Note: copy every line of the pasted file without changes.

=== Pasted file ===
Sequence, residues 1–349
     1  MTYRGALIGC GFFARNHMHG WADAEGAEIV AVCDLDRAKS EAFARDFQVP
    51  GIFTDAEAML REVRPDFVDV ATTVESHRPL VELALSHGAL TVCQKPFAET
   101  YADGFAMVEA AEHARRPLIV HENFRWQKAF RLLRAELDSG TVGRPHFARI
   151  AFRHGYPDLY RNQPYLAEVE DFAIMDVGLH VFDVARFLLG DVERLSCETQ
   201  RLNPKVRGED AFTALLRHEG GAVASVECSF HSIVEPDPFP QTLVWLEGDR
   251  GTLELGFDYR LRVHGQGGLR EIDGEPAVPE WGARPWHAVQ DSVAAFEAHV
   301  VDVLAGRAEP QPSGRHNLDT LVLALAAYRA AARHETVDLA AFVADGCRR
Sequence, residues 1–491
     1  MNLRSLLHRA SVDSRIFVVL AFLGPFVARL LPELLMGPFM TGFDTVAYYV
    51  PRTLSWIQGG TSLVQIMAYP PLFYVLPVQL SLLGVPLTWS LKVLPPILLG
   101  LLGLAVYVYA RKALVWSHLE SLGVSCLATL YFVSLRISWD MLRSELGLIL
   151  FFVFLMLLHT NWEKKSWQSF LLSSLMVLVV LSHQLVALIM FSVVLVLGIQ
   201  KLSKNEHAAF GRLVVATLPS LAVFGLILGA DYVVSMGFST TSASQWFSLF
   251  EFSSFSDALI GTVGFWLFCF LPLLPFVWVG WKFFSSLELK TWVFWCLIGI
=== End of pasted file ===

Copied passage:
Sequence, residues 1–349
     1  MTYRGALIGC GFFARNHMHG WADAEGAEIV AVCDLDRAKS EAFARDFQVP
    51  GIFTDAEAML REVRPDFVDV ATTVESHRPL VELALSHGAL TVCQKPFAET
   101  YADGFAMVEA AEHARRPLIV HENFRWQKAF RLLRAELDSG TVGRPHFARI
   151  AFRHGYPDLY RNQPYLAEVE DFAIMDVGLH VFDVARFLLG DVERLSCETQ
   201  RLNPKVRGED AFTALLRHEG GAVASVECSF HSIVEPDPFP QTLVWLEGDR
   251  GTLELGFDYR LRVHGQGGLR EIDGEPAVPE WGARPWHAVQ DSVAAFEAHV
   301  VDVLAGRAEP QPSGRHNLDT LVLALAAYRA AARHETVDLA AFVADGCRR
Sequence, residues 1–491
     1  MNLRSLLHRA SVDSRIFVVL AFLGPFVARL LPELLMGPFM TGFDTVAYYV
    51  PRTLSWIQGG TSLVQIMAYP PLFYVLPVQL SLLGVPLTWS LKVLPPILLG
   101  LLGLAVYVYA RKALVWSHLE SLGVSCLATL YFVSLRISWD MLRSELGLIL
   151  FFVFLMLLHT NWEKKSWQSF LLSSLMVLVV LSHQLVALIM FSVVLVLGIQ
   201  KLSKNEHAAF GRLVVATLPS LAVFGLILGA DYVVSMGFST TSASQWFSLF
   251  EFSSFSDALI GTVGFWLFCF LPLLPFVWVG WKFFSSLELK TWVFWCLIGI